When the mutable specifier is used in the declaration of a non-static data member, the data is mutable no matter whether the rest of the object is treated as const. With this fact, we may easily have ...
6
votes
2answers
105 views

What is the lifetime of the target of pointer-to-function pointing to a lambda?

Sorry, it's a long-winded question, but let me break it down: Does the C++ standard guarantee that: void (*Ptr)(void) = [] {}; return Ptr; will still be defined behaviour? I understand that, for ...
8
votes
2answers
138 views

Volatile not working as expected

Consider this code: struct A{ volatile int x; A() : x(12){ } }; A foo(){ A ret; //Do stuff return ret; } int main() { A a; a.x = 13; a = foo(); } Using g++ -std=c++14 -pedantic ...
3
votes
1answer
57 views

function template overload resolution with user defined conversion operator

What is the correct output for following code according to C++11 standard? #include <iostream> template <typename X> class A { public: A() { std::cout << "A::A" ...
6
votes
1answer
180 views

At which point does map::emplace create an object?

Is the point at which std::map::emplace creates the object (i.e. call the constructor) specified somehow in standard? If yes, does it happen before existence of such key is checked or after? It ...
1
vote
1answer
53 views

How does std::string keep track of NUL char

C++11 guarantees that std::string stores the nul terminator internally. How can that be achieved without an explicit terminate method? Example: std::string foo("Baz"); printf("foo contains ...
20
votes
2answers
392 views

Inside of a class, why `auto b() -> decltype(a()) {}` works, but `decltype(a()) b() {}` does not?

Consider following code: (Ideone) struct S { int a() {return 0;} decltype(a()) b() {return 1;} }; It gives me following error: error: cannot call member function 'int S::a()' without ...
2
votes
1answer
58 views

Doubts about [dcl.spec]/3 in c++1z

[dcl.spec]/3 in c++1z (emphasis is mine): If a type-name is encountered while parsing a decl-specifier-seq, it is interpreted as part of the decl-specifier-seq if and only if there is no ...
5
votes
1answer
55 views

Argument-dependent lookup behaving unexpectedly on types aliased from another namespace

I just ran into some interesting behavior with argument-dependent lookup, which I do not fully understand: #include <iostream> namespace a { struct Foo { Foo(int v1, int v2) : v1(v1), v2(v2) ...
9
votes
2answers
182 views

Does an else if statement exist?

Some time ago after not standing anymore lines like this: if (arg) invk(test); else if (test) { alot(); stuff(); } I decided for my self its better for readability in our 1920x1200 ...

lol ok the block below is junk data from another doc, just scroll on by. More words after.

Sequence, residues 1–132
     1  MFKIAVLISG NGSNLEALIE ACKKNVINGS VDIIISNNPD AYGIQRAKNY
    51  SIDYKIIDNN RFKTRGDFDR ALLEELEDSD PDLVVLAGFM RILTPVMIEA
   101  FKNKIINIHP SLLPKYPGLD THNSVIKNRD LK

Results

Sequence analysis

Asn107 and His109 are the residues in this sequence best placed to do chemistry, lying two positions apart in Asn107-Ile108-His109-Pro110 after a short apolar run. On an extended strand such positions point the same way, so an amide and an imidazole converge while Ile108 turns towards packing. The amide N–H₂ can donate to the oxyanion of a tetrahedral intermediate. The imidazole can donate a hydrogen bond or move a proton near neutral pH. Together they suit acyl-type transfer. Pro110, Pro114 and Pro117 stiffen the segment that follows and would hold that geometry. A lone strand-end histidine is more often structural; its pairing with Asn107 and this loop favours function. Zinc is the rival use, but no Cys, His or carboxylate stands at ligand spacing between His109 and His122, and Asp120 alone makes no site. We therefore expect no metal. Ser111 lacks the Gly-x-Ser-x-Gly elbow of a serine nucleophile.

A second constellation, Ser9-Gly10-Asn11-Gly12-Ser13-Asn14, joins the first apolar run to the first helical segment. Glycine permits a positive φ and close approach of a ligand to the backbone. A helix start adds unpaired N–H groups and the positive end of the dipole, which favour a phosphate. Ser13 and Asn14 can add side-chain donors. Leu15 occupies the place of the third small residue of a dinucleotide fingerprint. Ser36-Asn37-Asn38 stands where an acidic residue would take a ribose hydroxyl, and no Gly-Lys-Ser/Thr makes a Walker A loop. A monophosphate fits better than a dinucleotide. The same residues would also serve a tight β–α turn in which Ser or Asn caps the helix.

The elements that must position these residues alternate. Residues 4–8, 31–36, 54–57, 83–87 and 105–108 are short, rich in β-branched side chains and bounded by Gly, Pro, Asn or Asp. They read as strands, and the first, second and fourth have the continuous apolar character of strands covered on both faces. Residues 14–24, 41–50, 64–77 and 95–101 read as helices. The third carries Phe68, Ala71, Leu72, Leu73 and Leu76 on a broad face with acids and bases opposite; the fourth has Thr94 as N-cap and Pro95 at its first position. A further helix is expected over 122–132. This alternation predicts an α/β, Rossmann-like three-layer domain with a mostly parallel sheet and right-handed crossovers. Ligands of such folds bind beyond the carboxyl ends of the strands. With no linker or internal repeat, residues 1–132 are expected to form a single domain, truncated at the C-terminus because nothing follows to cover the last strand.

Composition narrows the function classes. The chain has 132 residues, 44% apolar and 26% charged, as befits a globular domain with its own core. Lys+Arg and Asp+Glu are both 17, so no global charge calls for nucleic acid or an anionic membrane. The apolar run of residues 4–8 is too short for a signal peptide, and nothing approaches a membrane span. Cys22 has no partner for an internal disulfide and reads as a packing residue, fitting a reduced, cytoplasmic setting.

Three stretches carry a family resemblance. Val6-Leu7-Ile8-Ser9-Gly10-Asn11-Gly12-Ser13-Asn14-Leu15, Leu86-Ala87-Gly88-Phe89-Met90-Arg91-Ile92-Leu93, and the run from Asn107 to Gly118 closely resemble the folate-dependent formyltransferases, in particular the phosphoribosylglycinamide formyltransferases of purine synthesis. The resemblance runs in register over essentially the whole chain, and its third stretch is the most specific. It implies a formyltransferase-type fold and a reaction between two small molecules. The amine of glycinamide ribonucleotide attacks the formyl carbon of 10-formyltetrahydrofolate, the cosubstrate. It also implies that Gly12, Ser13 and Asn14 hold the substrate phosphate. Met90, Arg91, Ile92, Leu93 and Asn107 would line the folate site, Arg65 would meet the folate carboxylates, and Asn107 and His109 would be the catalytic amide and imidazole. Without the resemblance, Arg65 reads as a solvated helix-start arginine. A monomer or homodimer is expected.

10
votes
1answer
123 views

May a random access iterator to end be incremented by zero?

The title says it all really. Given an iterator to end, may it be incremented by zero without invoking undefined behavior? Case in point - does the following code work to return an iterator to the ...
0
votes
2answers
35 views

Is the behavior of a functor created by std::bind well-defined when the bound object expires?

Is the behavior of the following code well defined? How does the f() call behave? #include <functional> #include <iostream> struct A { void shout() { std::cout <<"shout"; ...
17
votes
1answer
268 views

What is the order of destruction of function parameters?

This is a follow-up to my previous question What is the order of destruction of function arguments? because I accidentally confused arguments with parameters. Thanks to Columbo and T.C. for clearing ...
37
votes
3answers
1k views

What is the order of destruction of function arguments?

If some function f with parameters p_1, ..., p_n of types T_1, ..., T_n respectively is called with arguments a_1, ..., a_n and its body throws an exception, finishes or returns, in what order are the ...
2
votes
1answer
37 views

equal_range and range for

While discussing multimap with my students, I noticed a small change that could cut out a bit of boilerplate, and was wondering if anyone had suggested it to the standard committee, and if so what the ...
10
votes
5answers
561 views

Unsigned and Signed Extension

Can someone explain the following code output to me: void myprint(unsigned long a) { printf("Input is %lx\n", a); } int main() { myprint(1 << 31); myprint(0x80000000); } output ...
0
votes
0answers
29 views

Do certain language features such as slicing, type erasure, copy elision, and return value optimization belong to a category under a specific name?

This has been bothering me for quite some time now. I would want to find a complete list on what these "idioms" are called. I've tried searching "C++ Idioms", but that doesn't include RVO, or copy ...
6
votes
4answers
131 views

Bit-shifting left and discarding bits

Let's consider the function (one of possible implementations of it) which would zero out right N bits of an unsigned short value (or any other unsigned integral type). The possible implementation ...